Pleiospilos Bolusii (Stone Mimicry) Seeds


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Pleiospilos Bolusii is a species of South African succulent typically found in shady areas and around sandstone. They are one of several species of cactus and succulent that is known as living stones because of their appearance. Like stones, they tend to be spotted and gray. The name actually derives from the Greek words “pleios,” meaning many and “spilos,” meaning spots. Pleiospilos is also known as split rock because it is composed of two modified leaves that split in the center. Bolusii can have leaves as long as three inches. Pleiospilos is very similar to lithops, a group of succulents which are also called living stones and have these modified leaves. A split between the leaves contains the meristem (growing point). It is from this point that these plants will bloom flowers and form new leaves. More so than lithops, pleiospilos is known to keep its old leaves as new ones form. However, they do sometimes die back, and their nutrients are recycled back into the plant. Pleiospilos Bolusii is in the same family as sceletium (Aizoaceae). Bolusii contains similar alkaloids and has been reportedly been used in a similar manner by South African natives.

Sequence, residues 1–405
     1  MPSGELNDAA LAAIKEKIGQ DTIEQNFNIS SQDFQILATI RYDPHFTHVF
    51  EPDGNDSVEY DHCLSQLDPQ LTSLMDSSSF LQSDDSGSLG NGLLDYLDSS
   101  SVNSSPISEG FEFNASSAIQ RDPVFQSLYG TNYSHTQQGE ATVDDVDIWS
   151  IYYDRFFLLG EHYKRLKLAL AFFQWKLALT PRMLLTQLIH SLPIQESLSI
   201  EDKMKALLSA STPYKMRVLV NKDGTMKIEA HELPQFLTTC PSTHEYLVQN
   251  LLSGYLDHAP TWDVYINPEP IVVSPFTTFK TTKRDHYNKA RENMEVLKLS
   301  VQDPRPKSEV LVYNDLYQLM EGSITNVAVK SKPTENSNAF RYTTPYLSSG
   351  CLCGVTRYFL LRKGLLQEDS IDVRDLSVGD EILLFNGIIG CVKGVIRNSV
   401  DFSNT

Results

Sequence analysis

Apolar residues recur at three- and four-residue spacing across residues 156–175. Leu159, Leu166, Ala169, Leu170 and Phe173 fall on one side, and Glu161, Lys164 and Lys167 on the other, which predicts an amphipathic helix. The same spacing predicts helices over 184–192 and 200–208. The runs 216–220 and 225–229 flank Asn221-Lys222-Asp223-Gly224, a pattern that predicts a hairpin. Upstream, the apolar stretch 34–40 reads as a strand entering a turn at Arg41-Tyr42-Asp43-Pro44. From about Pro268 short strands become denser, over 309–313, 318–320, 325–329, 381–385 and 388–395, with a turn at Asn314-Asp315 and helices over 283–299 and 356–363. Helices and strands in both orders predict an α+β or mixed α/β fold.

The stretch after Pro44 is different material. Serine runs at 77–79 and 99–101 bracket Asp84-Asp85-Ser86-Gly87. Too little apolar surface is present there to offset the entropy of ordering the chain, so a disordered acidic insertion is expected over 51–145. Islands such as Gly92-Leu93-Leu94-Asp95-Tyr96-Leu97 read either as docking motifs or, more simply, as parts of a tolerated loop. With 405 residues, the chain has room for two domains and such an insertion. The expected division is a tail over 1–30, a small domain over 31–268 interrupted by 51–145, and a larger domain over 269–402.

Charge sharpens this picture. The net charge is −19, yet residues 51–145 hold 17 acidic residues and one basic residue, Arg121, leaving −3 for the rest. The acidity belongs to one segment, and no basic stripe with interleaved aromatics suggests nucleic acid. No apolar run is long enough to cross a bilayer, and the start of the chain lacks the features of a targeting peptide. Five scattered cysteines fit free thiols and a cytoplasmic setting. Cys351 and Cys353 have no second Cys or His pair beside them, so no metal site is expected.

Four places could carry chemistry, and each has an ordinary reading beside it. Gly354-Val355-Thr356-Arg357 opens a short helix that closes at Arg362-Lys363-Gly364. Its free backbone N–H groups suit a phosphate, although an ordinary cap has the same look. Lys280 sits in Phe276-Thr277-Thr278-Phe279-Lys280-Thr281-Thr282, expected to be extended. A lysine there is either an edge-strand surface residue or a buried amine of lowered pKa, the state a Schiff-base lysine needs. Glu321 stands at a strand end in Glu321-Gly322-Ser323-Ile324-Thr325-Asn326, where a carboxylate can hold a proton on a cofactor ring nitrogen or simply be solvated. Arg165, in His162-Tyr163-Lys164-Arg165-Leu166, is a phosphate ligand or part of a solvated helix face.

Growing Information: Pleiospilos prefers a coarse, sandy soil that is low in nitrogen but high in phosphorous and potassium. These seeds should be sown like cactus seeds. Flatten out the soil and then put a thin layer of loose soil above it. Sow the seeds on the surface and press in very lightly. They need light to germinate. Mist the soil to keep it moist and cover with clear plastic. Maintain a temperature of about 75 degrees Fahrenheit. Ideally, the covering should not be flat across the top because it will cause the water to drip back on the young seedlings, which sometimes causes rot. Something like a sandwich bag often makes a better “tent? because the water will run down the sides more easily. The soil should not be allowed to dry out while the plants are seedlings. Use a mister if the soil does get dry. Place the seedlings on a heat mat (ideally) and in bright light. Placing the seeds just a few inches from fluorescent lights is ideal for starting seedlings, although natural light will work too. Note that using a heat mat will cause more evaporation, which may require more attention. Be sure to air out the seedlings once a day for best results. Established plants will require some direct light each day, whether natural or artificial. Watering should be proportional to the temperature and light the plant is given. Keep dry during the winter. It can withstand considerable drought. For active growth, the temperature should not fall below 60 degrees Fahrenheit. However, it can reportedly stand brief stints down to 40 degrees.

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